Cash transfer programs and perceptions of eligibility for assistance in post-conflict settings
- Wednesday 7 June 2023
Kamerlingh Onnes Building
2311 ES Leiden
The Social Citizenship and Migration research program would like to invite you to a seminar given by Zeynep Balcioglu.
The past decade has witnessed an unprecedented increase in the use of cash transfer programs (CTPs) by the humanitarian sector in post-conflict settings. CTPs are found to provide efficient and effective solutions to address the needs of populations affected by conflicts and emergencies and are promoted as a strong alternative to in-kind assistance. They are praised for multiple reasons such as cost-effectiveness, causing less distortion in prices, and most importantly for their agency-oriented modality.
Alongside all the advantages they present, CTPs suffer from a challenge that is inherent to every distributive attempt. A targeting dilemma that begets the question: who is to be reached and why? Conventional research that examines this dilemma studies program effectiveness through an output-oriented perspective and only occasionally includes refugees’ experiences and perspectives. However, although CTPs use state-of-the-art statistical methods that are fastidious in identifying poor from non-poor, communities in the context of implementation may find it difficult to discern why one family receives assistance while another family that looks very similar to the receiving family does not. Such misunderstanding is more common for programs that target refugees because first refugee communities are in general more homogenously poor compared to host communities, and second most CTPs implemented in post-conflict settings employ centralized methodologies whereby the eligibility criteria for the selection of beneficiaries are established in a top-down fashion.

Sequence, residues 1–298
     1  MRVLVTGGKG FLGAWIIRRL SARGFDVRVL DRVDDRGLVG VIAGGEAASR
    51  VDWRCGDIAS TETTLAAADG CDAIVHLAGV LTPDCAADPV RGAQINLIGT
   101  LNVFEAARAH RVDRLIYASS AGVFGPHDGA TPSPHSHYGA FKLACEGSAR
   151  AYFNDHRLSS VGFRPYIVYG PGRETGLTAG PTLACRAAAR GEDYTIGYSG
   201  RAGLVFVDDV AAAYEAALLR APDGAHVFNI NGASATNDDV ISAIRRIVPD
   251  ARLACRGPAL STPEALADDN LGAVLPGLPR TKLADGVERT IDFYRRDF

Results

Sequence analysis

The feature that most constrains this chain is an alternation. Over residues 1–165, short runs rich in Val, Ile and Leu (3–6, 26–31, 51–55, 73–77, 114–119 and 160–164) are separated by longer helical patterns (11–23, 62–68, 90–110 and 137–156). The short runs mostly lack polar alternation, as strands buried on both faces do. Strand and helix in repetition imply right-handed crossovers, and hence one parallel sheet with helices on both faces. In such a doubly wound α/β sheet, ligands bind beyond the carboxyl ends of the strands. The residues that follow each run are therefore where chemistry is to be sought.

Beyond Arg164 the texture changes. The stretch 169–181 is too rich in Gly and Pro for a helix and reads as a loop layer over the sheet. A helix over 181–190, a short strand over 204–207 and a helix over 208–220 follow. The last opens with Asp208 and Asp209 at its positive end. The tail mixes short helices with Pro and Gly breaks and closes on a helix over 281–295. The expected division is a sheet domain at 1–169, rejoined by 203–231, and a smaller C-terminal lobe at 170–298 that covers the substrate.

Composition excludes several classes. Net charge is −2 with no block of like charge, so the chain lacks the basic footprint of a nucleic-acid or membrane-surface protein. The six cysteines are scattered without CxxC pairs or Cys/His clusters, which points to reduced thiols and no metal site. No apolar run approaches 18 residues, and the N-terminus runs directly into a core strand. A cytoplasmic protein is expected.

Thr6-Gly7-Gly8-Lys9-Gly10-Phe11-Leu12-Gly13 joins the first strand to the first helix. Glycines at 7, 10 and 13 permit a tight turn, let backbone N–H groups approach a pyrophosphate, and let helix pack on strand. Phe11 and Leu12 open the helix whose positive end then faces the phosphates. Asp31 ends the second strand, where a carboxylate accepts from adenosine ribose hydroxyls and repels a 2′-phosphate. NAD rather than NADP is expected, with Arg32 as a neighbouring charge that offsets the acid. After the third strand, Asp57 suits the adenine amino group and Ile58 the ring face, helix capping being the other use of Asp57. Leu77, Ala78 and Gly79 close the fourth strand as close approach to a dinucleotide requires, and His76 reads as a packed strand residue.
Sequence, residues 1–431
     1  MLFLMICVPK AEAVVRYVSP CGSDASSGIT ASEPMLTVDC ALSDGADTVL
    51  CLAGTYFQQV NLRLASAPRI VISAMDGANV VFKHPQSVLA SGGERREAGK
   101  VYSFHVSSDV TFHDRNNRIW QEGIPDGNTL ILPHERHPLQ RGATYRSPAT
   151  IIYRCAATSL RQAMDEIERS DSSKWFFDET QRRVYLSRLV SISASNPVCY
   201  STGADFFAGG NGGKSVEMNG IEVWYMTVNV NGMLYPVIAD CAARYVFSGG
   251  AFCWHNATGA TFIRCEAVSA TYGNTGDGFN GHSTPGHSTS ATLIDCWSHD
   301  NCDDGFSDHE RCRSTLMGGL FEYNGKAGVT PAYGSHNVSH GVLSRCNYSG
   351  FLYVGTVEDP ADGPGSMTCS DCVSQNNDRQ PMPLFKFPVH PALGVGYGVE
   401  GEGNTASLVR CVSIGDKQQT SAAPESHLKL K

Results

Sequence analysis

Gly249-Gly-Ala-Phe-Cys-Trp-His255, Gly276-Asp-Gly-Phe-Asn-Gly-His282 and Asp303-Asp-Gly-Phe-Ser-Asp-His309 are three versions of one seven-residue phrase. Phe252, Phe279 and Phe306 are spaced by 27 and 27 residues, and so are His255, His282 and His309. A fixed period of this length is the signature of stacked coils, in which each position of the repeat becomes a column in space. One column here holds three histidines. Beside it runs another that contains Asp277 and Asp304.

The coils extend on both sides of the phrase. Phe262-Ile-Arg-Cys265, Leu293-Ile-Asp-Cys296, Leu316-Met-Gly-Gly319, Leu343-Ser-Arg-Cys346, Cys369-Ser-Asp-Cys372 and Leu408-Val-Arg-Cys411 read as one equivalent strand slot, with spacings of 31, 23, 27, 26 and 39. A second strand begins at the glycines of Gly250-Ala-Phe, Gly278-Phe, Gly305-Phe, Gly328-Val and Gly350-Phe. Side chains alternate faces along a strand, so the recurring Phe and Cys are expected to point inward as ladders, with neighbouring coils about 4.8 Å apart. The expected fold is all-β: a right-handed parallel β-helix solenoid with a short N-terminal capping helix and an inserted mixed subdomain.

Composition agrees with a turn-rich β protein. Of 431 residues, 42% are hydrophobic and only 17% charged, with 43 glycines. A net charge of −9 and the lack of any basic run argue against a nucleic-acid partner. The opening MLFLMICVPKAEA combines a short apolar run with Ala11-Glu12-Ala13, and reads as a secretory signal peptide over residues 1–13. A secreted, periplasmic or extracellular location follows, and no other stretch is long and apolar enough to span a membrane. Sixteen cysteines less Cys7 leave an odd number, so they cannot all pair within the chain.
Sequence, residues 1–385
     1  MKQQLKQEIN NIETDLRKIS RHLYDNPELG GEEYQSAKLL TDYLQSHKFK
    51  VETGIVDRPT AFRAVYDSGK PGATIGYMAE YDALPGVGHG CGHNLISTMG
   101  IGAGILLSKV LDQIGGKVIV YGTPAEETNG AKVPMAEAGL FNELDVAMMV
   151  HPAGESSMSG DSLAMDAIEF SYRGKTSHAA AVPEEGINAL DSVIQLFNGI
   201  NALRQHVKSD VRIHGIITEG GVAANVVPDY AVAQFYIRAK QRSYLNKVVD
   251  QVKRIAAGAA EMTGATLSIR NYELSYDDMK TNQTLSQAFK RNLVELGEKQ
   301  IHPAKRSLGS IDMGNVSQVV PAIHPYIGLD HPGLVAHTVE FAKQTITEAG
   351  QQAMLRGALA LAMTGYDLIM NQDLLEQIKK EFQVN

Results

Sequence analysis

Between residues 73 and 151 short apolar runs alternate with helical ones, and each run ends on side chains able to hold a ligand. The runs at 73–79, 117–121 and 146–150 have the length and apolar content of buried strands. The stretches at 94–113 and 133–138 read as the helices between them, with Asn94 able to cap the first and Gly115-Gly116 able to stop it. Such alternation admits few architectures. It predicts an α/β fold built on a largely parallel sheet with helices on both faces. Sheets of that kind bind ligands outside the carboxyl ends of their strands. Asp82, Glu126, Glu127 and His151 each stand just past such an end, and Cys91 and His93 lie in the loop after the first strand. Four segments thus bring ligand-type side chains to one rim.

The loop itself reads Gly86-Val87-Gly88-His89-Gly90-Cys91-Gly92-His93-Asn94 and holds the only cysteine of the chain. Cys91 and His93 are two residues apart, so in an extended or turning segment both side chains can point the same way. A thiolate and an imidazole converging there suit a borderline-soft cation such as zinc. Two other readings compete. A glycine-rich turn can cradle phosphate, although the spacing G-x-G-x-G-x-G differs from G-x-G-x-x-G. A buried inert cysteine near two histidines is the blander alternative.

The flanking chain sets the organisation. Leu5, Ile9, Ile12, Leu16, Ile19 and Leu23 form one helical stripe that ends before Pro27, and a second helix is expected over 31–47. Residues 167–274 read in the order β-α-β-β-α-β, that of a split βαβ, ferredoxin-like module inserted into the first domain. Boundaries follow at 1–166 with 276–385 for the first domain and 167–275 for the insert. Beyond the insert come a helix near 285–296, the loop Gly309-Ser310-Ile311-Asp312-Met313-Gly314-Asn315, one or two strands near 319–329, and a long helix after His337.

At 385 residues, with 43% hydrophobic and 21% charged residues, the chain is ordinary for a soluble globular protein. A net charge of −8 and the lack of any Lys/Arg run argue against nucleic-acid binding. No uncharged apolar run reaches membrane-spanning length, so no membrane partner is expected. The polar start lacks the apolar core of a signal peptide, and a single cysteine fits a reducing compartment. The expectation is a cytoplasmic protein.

In this paper, we use a discreet conjoint experiment and focus groups to examine how and why refugees’ perceptions of eligibility for cash assistance converge with and diverge from the perceptions of humanitarian staff and the actual econometric formula used for the CTP implemented by the UNHCR for refugees in Lebanon. Studies report that discontent over targeting among recipients may lead to unintended negative consequences such increase in social tensions between recipients and non-recipients, and feelings of resentment among non-beneficiaries. We believe that this paper contributes to the literature by providing a better understanding of how and why discord between the targeting methodology, eligibility criteria used, and beneficiaries’ understanding of both happens. Our findings also have policy implications as they can guide policymakers and implementers about anticipating unintended consequences of CTPs related to the implementation context, responding to grievances of the beneficiary communities, and addressing the latent problems related to the transparency of the programs.
About the program
The Social Citizenship and Migration program is one of the multidisciplinary stimulation programs at Leiden University. In the SC&M program, Leiden experts in public administration, law, economics, humanities and social and behavioural sciences look together at the issue of migration. They combine their knowledge of migration in the past, social patterns and perceptions of migrants, and share their findings with other researchers, policymakers and society at large. Find more information here.